The Sixth Assembly of the International Solar Alliance (ISA) was hosted in New Delhi today and was presided over by Raj Kumar Singh, minister of power and new & renewable energy, Government of India in his capacity as the President of the ISA Assembly. Ministers from 20 countries and delegates from across 116 member and signatory countries participated in the Assembly.
The Assembly has decided to increase the viability gap funding for solar projects in member countries from 10% of the project cost to up to 35%, depending on the capacity and needs of the countries and their respective projects.
Speaking on the occasion, Raj Kumar Singh said, “Around 80% of the global population resides in countries that depend on fossil fuel imports, totalling a staggering 6 billion people. Renewable energy sources have the potential to supply 65% of the world’s total electricity by 2030 and decarbonize 90% of the power sector by 2050.”
“The International Solar Alliance is steadfast in its commitment to Member Countries to make solar as the energy source of choice, foster environments conducive to attracting investments and ensuring ample energy availability to meet the surging global demands. Towards this, ISA through its viability gap funding (VGF) mechanism provides a grant of $150,000 or 10% of the project cost (whichever is lower), per country per project. The Assembly decided to increase the range to 35% of the project cost, depending on the capacity and needs of the countries and their respective projects.”
The Co-President of the Assembly, Chrysoula Zacharopoulou, France’s Minister of State for Development, Francophonie and International Partnerships, said: “For France, the ISA is a key initiative to promote the development of clean energy and thus combat climate disruptions. It is playing its full part in this great project, with constant and growing support for our Alliance. Through the French Development Agency (AFD), we’ve financed over 1.5 billion euros worth of solar projects since 2016. France is taking action and we are determined to accelerate.”
The ISA has created a Global Solar Facility (GSF) with payment guarantee, insurance and investment fund components to catalyze solar investments in various countries across the world, starting with Africa’s underserved geographies. The GSF will mainly focus on decentralized solar solutions, rooftop solar and productive use solar. Through the GSF, the ISA aims to mitigate project risks and provide technical assistance to address regulatory gaps in the solar energy sector.
Dr Ajay Mathur, Director General of International Solar Alliance, said, “We urgently need to accelerate the build-up of solar energy, especially in developing countries and in applications that influence the daily lives of those without access to reliable energy – such as getting electricity from solar mini-grids, powering agricultural pumps, running cold storages, etc. Capacity building and regulatory change are necessary enablers towards that.”
“The ISA has so far facilitated development of 1 GW of solar projects in its member countries. It is further facilitating over 9.5 GW of solar applications in 55 developing countries, including least developed countries and small island developing states, and has already provided training to nearly 4,000 people across the developing world on ways to make a living out of supporting solar energy.”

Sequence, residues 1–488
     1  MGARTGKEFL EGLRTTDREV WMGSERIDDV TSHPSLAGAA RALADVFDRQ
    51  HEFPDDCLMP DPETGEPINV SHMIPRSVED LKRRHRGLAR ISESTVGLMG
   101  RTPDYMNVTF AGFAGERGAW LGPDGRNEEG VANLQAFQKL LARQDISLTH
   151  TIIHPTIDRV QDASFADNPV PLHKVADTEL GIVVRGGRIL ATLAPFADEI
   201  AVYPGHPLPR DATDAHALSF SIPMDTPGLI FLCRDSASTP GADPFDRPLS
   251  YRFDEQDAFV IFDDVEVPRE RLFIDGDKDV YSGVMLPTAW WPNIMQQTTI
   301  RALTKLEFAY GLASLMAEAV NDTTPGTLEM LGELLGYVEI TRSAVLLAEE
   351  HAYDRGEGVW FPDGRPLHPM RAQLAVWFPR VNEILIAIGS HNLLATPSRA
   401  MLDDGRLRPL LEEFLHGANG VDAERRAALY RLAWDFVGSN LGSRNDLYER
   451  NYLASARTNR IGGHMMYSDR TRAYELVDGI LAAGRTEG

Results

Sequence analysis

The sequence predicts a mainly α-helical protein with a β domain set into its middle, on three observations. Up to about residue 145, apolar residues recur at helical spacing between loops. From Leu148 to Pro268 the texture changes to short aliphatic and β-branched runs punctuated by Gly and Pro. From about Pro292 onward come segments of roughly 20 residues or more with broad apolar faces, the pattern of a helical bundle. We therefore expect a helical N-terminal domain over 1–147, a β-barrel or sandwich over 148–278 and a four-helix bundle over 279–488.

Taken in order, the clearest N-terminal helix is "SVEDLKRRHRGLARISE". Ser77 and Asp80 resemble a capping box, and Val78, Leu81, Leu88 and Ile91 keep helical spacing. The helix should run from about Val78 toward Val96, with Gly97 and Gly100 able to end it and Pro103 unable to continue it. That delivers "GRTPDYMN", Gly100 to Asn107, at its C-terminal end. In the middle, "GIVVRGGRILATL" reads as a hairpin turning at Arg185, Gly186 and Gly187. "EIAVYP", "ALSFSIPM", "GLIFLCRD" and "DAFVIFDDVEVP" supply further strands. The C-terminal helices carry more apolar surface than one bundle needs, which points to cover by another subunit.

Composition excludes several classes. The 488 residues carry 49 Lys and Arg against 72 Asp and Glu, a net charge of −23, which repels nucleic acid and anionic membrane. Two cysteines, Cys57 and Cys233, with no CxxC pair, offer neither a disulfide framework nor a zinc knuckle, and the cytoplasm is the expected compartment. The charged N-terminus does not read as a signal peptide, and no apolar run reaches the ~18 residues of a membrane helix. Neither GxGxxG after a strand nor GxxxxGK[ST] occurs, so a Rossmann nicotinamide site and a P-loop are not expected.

The ISA is also working on developing STAR Centres which will be a hub of technology, knowledge, and expertise on solar energy. It is also enabling entrepreneurs in these countries who can, with help, become major suppliers of solar energy across countries and regions.
In May 2020, ISA initiated Demonstration Projects to meet the needs of LDCs and SIDS. The aim was to exhibit solar technology applications, which can be scaled up, and build the capacity of beneficiary member countries. Four projects set up with ISA’s assistance were inaugurated by RK Singh. These projects include:
- Solarisation of the parliament building of the Republic of Malawi
- the solarisation of two rural health care centres in the Republic of Fiji, with an 8-kW solar PV system & 20-kWh battery storage capacity for each health centre
- Installation of 1 solar powered cold storage of capacity 5 MT for the benefit of its agricultural stakeholders at La Digue Island, Republic of Seychelles
- Solarisation of the Nawai Junior Secondary school (JSS) in the Republic of Kiribati, with a 7kW Solar PV rooftop system paired with a 24-kWh BSS
The International Solar Alliance is a multilateral treaty based organization which today has 116 member countries. Before the end of the year, it expects four more countries to join, which will take its member countries to 120.
The ISA works with governments to ease solar deployment and promote solar power as a sustainable transition to a carbon-neutral future. Its mission is to unlock $1 trillion of investments in solar by 2030 while reducing technology and its financing costs. It is partnering with multilateral development banks, development financial institutions, private and public sector organisations, civil society, and other international institutions to deploy cost-effective and transformational solutions through solar energy, especially in the least developed countries and the small island developing states.
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